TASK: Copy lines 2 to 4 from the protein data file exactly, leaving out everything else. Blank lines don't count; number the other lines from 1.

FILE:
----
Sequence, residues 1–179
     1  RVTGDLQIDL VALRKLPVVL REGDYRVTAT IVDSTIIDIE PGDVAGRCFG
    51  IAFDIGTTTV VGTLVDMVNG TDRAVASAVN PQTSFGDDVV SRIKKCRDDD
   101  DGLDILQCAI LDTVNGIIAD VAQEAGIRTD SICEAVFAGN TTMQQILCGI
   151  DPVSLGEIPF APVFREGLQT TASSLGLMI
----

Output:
     1  RVTGDLQIDL VALRKLPVVL REGDYRVTAT IVDSTIIDIE PGDVAGRCFG
    51  IAFDIGTTTV VGTLVDMVNG TDRAVASAVN PQTSFGDDVV SRIKKCRDDD
   101  DGLDILQCAI LDTVNGIIAD VAQEAGIRTD SICEAVFAGN TTMQQILCGI